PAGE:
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How can I find all publications where I am listed as a co-author? I have been assisting on a number of projects as a supervisor from the community and providing materials and information for the research projects which are to do with bush foods. I know I have been listed as a co-author but need a list for another research grant. The University is in WA.

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    "How can I find all publications where I am listed as a co-author?" You don't know what papers you wrote ?
    – Nobody
    Nov 23, 2023 at 6:23
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    Not my stuff to judge but I am "literally" curious how you do not know the papers in which you are involved. Does this mean that you want your PhD/post-docs to write papers for you and you are not concretely involved in these projects? Nov 23, 2023 at 7:32
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    @Nobody: Thinking about this has me now wondering whether my Erdős number is 1 instead of a rather mundane 3, because maybe I co-authored a paper with Erdős back in the 1970s or 1980s and forgot about doing so. (Yes, I know there are several easy ways to check this -- this and this and this.) Nov 23, 2023 at 20:08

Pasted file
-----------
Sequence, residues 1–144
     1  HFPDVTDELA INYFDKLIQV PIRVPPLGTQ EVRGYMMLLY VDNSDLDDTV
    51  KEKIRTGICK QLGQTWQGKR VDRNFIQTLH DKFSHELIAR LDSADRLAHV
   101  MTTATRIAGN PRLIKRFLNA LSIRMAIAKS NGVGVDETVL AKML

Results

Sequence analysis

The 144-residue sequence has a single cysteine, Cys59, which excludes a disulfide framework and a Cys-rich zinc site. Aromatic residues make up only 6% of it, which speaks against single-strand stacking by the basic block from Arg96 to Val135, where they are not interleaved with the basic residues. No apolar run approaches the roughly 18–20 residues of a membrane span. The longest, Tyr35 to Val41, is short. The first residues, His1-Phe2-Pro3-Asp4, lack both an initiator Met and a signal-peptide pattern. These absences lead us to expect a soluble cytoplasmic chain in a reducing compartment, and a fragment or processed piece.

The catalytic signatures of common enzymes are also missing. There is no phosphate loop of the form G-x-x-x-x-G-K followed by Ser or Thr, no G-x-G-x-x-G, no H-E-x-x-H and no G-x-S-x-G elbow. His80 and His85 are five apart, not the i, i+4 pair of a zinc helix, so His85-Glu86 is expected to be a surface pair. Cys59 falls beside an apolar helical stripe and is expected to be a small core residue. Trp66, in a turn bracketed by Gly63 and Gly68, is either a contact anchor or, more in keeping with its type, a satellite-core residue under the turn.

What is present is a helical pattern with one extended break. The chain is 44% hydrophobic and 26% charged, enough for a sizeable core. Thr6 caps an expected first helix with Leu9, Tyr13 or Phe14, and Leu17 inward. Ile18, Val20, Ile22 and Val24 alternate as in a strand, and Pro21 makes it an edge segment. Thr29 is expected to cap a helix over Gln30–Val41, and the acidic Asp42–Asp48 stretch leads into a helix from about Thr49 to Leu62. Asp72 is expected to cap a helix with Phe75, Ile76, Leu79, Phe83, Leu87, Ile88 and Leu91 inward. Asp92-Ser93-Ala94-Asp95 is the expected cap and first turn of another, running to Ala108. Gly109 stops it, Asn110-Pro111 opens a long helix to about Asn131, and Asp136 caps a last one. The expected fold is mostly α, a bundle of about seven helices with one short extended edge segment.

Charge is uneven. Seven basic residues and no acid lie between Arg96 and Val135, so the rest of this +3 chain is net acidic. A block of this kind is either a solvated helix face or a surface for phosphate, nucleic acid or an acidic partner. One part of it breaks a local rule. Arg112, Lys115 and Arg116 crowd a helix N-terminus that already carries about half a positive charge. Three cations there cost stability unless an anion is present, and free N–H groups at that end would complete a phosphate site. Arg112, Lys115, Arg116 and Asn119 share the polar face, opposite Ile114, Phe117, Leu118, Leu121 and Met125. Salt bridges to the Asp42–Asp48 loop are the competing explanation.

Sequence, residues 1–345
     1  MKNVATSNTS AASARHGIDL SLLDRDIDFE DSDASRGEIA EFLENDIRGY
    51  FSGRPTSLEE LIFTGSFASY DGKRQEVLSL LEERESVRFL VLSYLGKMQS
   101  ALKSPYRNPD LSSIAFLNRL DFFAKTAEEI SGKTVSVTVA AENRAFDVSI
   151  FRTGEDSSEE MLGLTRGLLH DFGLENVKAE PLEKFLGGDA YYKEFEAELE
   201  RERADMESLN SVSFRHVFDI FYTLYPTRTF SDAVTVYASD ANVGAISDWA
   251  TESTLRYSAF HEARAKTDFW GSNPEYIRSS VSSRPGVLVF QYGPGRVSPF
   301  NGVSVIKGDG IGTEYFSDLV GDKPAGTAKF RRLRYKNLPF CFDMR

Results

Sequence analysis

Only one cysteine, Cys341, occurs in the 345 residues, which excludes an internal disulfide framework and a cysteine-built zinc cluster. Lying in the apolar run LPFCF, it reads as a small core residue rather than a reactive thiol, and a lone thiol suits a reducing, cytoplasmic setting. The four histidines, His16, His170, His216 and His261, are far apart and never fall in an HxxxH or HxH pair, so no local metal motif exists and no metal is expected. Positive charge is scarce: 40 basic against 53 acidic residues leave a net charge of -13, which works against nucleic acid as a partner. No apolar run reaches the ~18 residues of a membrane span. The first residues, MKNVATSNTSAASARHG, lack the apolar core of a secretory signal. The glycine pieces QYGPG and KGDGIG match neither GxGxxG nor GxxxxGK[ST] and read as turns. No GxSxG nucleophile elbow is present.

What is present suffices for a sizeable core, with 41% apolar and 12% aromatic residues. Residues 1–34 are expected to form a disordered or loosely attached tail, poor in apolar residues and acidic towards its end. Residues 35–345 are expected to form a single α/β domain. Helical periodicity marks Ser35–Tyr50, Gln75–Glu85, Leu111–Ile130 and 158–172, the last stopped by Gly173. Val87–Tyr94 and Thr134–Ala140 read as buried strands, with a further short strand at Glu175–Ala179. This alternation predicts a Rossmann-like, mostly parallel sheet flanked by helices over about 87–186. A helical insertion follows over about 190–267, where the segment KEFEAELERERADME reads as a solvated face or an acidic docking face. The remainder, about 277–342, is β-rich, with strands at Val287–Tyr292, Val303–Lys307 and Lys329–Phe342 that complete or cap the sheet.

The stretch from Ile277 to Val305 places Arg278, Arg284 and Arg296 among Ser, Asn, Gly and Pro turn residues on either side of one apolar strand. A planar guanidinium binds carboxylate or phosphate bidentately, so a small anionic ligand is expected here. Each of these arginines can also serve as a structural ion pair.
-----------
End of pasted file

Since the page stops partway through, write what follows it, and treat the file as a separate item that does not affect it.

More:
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It's an odd question, but let me give an answer ignoring the big elephant in the room that is mentioned in Nobody's comment to the question.

ORCID: ORCID IDs are unique digital identifiers for authors, similar to what DOIs are for papers. If you have an ORCID ID, and this was provided during the submission process of any papers, ORCID will list these publications under your name.

Google Scholar: If you have a Google Scholar account, it also provides a list of publications. Note that Google Scholar's algorithm of assigning papers has its problems, and, in my experience, tends to assign items (e.g., presentation slides that are online somewhere) as publications to your profile. I also assume that it will have issues if your name is not unique. Note that unlike with ORCID, you don't need to have had an account at the time of publishing to add publications to your profile.

Your memory/email: If you are author on a manuscript, you will have (i) agreed to do so in communications with your co-authros, and (ii) had some sort of communication from the journal in which a paper if published, even if you were not the submitting author.

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